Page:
it doesn't take anywhere close to an hour. security check is perfunctory. first they check your ticket and your ID to make sure you're using your own ticket and that your ticket is valid. yes, you go through a metal detector and you get patted down, and your bag gets x-rayed if you have one. (it is not possible to check bags.) but they don't actually care if ...


5

Hi all thanks for your answers The timing does matter, I should have mentioned that I have an onward train Journey from Kings Cross to Newcastle while I realise I don't need a timed departure from Terminal 2 I do have to catch a specific train at Kings cross as flexi or buying on the day was looking like too much of an expensive option for me. A friend of ...


4

Entry regulations in Germany are listed on the website of the Auswärtiges Amt. There, it says: No exceptions can be made for entry from virus variant areas. Those in transit from high-incidence areas and other risk areas are exempt from registration, testing and quarantine requirements under certain circumstances. This includes transit through a risk area ...


4

I'm not sure you'll find a single app that will get you everything you want. The most comprehensive app is probably Google Maps. It will have most trains, many local public networks (but by far, not at all of them), and often also includes ride-sharing services (Uber and equivalents), as well as many flights. But in many places the only option to get local ...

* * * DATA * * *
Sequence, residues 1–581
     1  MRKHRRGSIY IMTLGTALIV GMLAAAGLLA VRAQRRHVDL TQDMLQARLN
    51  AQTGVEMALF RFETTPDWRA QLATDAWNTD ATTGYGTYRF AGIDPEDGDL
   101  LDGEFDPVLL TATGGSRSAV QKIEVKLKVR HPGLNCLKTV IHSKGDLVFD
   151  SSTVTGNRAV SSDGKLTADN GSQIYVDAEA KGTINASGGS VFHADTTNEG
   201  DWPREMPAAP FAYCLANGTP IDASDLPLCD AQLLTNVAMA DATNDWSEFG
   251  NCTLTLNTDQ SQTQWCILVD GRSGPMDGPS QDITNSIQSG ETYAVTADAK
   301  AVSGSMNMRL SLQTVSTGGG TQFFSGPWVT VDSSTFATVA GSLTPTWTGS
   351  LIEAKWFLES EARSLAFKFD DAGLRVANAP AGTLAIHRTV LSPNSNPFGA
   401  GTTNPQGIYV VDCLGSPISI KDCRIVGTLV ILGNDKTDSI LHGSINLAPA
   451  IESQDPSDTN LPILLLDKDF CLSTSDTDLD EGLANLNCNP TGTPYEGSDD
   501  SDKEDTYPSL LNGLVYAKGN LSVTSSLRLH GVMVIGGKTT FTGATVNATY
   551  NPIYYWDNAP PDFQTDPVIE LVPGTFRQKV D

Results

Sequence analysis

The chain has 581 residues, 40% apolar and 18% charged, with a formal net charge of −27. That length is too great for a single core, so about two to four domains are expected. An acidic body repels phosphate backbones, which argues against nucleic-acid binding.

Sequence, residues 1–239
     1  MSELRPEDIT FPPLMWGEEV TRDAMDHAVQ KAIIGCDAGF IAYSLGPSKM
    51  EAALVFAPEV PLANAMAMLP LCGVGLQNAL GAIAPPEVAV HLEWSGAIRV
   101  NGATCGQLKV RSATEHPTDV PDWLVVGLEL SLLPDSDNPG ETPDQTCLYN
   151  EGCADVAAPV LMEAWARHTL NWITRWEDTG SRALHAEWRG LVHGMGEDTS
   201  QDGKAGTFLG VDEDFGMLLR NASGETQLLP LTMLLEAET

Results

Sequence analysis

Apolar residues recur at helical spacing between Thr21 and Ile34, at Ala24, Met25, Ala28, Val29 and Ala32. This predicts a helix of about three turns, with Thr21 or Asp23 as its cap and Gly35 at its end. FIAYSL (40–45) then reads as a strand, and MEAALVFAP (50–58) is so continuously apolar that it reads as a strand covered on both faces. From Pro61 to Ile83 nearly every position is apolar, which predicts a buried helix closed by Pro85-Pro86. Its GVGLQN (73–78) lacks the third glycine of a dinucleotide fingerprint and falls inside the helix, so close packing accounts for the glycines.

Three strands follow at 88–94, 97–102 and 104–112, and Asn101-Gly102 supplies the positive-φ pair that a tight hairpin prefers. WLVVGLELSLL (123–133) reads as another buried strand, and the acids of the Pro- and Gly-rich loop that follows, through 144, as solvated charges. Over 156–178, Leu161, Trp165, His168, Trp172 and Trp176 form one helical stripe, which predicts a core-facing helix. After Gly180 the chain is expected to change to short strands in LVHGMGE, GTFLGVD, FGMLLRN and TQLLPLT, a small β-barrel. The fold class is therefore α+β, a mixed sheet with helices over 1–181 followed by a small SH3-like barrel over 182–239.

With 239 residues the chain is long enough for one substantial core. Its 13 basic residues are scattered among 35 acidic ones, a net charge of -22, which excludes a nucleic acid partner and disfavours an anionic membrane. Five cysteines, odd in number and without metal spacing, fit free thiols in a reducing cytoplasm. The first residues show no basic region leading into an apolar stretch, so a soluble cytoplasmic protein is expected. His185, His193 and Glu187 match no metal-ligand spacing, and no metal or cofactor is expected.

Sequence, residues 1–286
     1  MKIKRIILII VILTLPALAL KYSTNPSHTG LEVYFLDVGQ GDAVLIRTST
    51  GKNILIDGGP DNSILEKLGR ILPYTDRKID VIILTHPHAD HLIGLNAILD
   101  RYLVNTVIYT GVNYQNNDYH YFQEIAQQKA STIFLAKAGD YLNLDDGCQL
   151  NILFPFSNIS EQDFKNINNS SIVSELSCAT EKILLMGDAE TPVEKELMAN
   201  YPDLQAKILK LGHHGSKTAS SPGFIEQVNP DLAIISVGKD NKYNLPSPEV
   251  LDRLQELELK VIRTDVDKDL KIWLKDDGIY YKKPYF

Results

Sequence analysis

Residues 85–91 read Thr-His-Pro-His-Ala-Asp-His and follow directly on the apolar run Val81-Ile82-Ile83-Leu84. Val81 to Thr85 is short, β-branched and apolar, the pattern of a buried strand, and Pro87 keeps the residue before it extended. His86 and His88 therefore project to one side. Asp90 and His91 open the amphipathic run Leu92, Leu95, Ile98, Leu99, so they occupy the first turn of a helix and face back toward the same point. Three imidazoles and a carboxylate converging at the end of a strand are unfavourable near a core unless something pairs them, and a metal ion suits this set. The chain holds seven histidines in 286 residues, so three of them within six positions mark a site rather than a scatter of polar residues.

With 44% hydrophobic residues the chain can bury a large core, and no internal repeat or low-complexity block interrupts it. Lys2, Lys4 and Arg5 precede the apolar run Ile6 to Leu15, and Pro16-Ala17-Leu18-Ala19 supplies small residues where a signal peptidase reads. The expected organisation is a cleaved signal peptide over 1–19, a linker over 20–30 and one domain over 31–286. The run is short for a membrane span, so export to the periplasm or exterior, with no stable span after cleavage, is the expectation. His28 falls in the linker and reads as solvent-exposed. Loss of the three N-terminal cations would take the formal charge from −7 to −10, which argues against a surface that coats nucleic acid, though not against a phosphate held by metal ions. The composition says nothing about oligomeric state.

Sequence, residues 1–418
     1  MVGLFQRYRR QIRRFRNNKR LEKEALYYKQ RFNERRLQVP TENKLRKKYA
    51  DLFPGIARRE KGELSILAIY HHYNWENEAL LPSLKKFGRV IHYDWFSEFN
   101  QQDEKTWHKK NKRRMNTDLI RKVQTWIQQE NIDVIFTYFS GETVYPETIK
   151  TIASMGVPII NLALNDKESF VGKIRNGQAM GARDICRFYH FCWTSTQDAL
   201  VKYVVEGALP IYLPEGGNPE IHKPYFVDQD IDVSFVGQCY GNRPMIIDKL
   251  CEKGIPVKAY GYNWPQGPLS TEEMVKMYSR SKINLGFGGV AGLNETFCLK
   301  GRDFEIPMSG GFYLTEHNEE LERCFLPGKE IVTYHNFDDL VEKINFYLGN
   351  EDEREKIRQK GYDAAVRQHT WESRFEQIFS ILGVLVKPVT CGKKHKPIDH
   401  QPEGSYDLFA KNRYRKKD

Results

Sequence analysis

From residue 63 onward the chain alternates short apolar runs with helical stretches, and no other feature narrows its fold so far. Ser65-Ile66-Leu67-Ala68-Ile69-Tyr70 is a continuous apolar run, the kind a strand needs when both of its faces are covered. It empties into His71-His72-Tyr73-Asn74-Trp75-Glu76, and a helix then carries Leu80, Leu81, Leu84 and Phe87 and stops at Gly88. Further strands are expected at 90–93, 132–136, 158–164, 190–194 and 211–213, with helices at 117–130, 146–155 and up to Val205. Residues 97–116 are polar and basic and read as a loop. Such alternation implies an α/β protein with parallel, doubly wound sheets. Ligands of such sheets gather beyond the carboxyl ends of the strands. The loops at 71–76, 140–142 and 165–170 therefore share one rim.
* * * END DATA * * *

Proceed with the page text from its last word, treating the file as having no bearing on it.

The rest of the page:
4

To give an update on this trip I addressed in the question- I rode in coach-class on this particular train round-trip from Columbia SC to Washington DC. I did not have to tip anyone riding in coach. You do not tip unless you specifically request or receive services. I brought my own food and drink so I didn't have to visit the dining car/restaurant. Checked ...


3

As far as steps 5, 6, 7 are described in the graphic, yes, it is the same for all trains. Identity Check Since 2012, all passenger trains in China have adopted the "real-name system" where all tickets must be purchased with an associated name (and ID number) and can only be used for the named passenger. Initially this is was only checked at ...


3

Probably not the answer you are looking for, but here is what I'm doing. When I travel to Europe, I take A LOT of apps. The app that each individual supplier provides are (often) quite useful but they only cover the services of that specific provider. Last time we went in August, we brought (for a single trip!): Airlines: United, Lufthansa, Swiss Flight ...


3

For the Netherlands: You are required to present a negative test result International train and coach passengers will be asked to present a negative test result before boarding or during the journey, but at any rate before the first stop in the Netherlands. If they are unable to do so, they will be asked to get off the train or coach at the first stop ...


1

For Germany, no formalities are required as you're only in transit. For the Netherlands, you usually need a negative PCR test (max 72 hours before entry) However, there's a loophole: travel to Düsseldorf or Duisburg and then cross the border by the RE19 train to Arnhem (so NOT an ICE or IC train), and you'll NOT need the test (SOURCE). From Arnhem, hop on ...